Lesson: when to capitalize north, south, east, and west
We have to drive southwest to get to the zoo.
He’s going to the Southwest for a business meeting.
Why is the word southwest lowercased in the first sentence, but capitalized in the second sentence? When using north, south, east, and/or west (and variations) lowercase them when referring to directions and capitalize them when referring to regions.
In the first sentence, southwest is a direction, so it remains lowercased.
In the second sentence, Southwest is a region, so it gets capitalized.
Here are two more examples:
We’re driving west to search for gold.
Pam wants to live in the Midwest and start a farm.
Again, west is a direction, so it remains lowercased; and, Midwest is a region, so it gets capitalized.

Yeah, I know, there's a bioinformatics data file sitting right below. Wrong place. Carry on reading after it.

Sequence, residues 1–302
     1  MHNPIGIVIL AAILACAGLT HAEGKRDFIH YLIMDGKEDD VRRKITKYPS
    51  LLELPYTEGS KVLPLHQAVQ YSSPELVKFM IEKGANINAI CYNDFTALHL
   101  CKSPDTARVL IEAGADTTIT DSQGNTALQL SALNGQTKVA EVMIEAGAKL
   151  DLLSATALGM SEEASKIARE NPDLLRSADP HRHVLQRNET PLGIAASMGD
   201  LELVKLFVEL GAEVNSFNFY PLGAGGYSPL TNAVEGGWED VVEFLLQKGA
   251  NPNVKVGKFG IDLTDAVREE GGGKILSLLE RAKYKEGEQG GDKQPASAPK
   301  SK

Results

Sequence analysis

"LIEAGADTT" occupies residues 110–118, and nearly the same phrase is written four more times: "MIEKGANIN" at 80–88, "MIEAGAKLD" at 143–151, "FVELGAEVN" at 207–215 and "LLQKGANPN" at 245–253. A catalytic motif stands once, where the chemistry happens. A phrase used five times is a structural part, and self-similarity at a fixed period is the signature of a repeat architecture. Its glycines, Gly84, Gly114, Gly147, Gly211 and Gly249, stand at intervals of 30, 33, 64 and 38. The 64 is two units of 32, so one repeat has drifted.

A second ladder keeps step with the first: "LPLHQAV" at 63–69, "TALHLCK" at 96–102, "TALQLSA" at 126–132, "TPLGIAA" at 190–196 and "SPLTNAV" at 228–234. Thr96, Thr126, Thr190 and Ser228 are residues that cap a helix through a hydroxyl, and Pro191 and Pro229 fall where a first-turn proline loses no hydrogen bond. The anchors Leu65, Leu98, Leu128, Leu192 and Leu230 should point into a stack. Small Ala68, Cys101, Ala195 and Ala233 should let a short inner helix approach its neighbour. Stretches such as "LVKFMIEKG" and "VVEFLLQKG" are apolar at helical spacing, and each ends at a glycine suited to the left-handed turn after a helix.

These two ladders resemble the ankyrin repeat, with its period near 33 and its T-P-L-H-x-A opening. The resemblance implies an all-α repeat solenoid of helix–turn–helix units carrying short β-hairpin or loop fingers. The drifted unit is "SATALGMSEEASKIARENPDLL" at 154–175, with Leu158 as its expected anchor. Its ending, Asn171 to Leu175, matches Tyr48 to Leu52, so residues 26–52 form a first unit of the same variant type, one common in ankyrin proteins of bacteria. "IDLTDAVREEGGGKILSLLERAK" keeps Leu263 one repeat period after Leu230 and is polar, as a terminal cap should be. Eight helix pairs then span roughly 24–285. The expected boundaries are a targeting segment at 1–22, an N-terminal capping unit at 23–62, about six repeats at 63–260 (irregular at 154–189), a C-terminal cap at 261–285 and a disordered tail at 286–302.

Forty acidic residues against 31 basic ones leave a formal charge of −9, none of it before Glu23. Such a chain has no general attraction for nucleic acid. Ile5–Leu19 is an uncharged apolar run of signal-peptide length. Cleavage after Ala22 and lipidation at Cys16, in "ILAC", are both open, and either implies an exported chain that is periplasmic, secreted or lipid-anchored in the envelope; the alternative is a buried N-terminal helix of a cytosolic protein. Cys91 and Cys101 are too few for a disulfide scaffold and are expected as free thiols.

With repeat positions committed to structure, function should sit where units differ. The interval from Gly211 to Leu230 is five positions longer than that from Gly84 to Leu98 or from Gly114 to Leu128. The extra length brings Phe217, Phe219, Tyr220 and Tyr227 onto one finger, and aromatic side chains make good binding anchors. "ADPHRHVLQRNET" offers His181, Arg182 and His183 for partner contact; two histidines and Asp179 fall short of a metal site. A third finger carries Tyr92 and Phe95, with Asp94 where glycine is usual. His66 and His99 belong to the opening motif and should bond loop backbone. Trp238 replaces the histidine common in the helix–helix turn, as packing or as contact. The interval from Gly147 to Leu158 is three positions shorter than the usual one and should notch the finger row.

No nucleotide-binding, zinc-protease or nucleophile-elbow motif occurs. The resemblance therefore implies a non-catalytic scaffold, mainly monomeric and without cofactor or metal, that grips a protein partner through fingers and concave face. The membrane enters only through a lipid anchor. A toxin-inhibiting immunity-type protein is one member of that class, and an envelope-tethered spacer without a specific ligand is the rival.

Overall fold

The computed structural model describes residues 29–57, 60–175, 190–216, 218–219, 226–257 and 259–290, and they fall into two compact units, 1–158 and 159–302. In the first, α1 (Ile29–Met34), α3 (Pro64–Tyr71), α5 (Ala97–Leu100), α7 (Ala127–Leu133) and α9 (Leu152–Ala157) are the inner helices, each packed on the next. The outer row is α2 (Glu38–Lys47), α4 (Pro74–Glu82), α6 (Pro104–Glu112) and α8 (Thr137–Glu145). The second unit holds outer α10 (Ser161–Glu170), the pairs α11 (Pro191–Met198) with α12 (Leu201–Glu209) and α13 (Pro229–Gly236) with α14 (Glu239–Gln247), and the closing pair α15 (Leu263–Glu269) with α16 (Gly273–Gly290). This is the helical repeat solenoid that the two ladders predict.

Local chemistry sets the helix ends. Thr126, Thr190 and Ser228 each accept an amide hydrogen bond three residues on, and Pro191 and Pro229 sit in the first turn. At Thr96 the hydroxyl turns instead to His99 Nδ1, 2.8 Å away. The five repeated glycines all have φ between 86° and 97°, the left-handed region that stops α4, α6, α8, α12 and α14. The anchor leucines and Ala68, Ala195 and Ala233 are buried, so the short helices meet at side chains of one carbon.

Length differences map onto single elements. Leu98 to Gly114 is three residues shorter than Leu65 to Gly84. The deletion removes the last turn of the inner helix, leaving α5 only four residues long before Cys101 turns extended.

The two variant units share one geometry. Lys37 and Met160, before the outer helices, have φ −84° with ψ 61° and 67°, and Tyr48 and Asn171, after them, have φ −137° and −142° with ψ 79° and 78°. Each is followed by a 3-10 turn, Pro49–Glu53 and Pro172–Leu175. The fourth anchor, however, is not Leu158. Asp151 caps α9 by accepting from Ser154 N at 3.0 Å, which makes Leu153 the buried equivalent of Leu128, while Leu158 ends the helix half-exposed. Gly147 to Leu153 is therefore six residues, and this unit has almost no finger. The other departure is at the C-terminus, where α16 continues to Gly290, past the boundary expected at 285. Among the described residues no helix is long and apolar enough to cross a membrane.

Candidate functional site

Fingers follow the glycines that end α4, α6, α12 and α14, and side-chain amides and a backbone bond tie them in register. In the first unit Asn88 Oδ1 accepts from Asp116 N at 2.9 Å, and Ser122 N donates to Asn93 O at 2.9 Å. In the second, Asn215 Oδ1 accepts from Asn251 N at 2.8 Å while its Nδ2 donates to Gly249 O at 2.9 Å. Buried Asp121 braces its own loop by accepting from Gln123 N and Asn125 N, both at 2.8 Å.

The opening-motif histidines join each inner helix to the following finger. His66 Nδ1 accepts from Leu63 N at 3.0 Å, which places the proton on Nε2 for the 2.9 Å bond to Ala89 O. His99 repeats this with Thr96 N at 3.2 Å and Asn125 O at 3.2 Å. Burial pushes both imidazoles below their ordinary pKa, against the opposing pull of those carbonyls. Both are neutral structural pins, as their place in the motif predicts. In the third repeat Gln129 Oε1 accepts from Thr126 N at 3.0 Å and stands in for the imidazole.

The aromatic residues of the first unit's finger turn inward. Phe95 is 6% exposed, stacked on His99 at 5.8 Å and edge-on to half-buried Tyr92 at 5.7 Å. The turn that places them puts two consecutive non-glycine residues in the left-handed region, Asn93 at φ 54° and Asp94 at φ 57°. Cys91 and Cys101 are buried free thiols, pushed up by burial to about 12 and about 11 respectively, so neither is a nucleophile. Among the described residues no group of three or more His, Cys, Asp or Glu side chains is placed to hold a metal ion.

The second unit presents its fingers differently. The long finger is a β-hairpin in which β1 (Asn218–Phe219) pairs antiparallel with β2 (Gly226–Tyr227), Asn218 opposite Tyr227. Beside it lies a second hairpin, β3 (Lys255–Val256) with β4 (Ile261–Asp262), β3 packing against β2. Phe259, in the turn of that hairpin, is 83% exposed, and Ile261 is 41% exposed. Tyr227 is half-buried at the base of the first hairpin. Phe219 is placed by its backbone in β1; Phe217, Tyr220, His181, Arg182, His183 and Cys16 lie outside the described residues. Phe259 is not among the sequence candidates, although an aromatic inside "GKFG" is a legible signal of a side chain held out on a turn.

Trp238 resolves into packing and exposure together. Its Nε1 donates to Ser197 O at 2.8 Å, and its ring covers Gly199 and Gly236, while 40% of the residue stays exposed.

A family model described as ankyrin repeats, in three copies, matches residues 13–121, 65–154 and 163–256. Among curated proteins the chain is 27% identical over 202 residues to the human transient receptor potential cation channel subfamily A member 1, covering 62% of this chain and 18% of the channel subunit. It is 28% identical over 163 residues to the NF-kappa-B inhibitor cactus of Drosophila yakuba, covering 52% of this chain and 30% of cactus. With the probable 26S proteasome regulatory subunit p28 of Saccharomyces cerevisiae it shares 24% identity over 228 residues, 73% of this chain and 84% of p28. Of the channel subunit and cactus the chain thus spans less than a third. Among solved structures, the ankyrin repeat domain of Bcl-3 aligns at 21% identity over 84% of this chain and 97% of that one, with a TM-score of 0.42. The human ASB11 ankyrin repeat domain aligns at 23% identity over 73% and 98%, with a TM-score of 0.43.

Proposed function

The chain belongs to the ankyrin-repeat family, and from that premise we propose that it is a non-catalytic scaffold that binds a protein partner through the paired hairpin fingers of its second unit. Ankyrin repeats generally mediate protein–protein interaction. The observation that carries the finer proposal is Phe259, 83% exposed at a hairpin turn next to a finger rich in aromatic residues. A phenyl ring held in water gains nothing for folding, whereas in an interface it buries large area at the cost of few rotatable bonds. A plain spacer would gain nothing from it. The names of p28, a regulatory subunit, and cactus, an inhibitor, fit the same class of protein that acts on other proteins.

With names of nations
Unless the direction is part of the country’s actual name, it remains lowercased. Examples: southern France, northern Canada. However, if, like Northern Ireland and North Korea, the direction is part of the proper name, it should be capitalized.
With names of states
The same rule applies as with names of nations. Unless the direction is part of the state’s proper name, it remains lowercased. Examples: North Dakota, West Virginia, eastern Iowa, southern Texas.
Test your skills with a quiz. Decide whether the word in italics should be lowercased or capitalized. (They will all be lowercased in the test sentences.) The answers are at the bottom.
1. Erin wants to go to north Carolina to visit her cousin.
2. Sammy drove two hundred miles south to get to Texas.
3. Paul’s favorite part of the country is the northeast.
4. Greg’s sales district is in eastern Alabama.
5. Every winter, there’s a mass exodus of old people who head to the south to avoid winter.
1. capitalize 2. lowercase 3. capitalize 4. lowercase 5. capitalize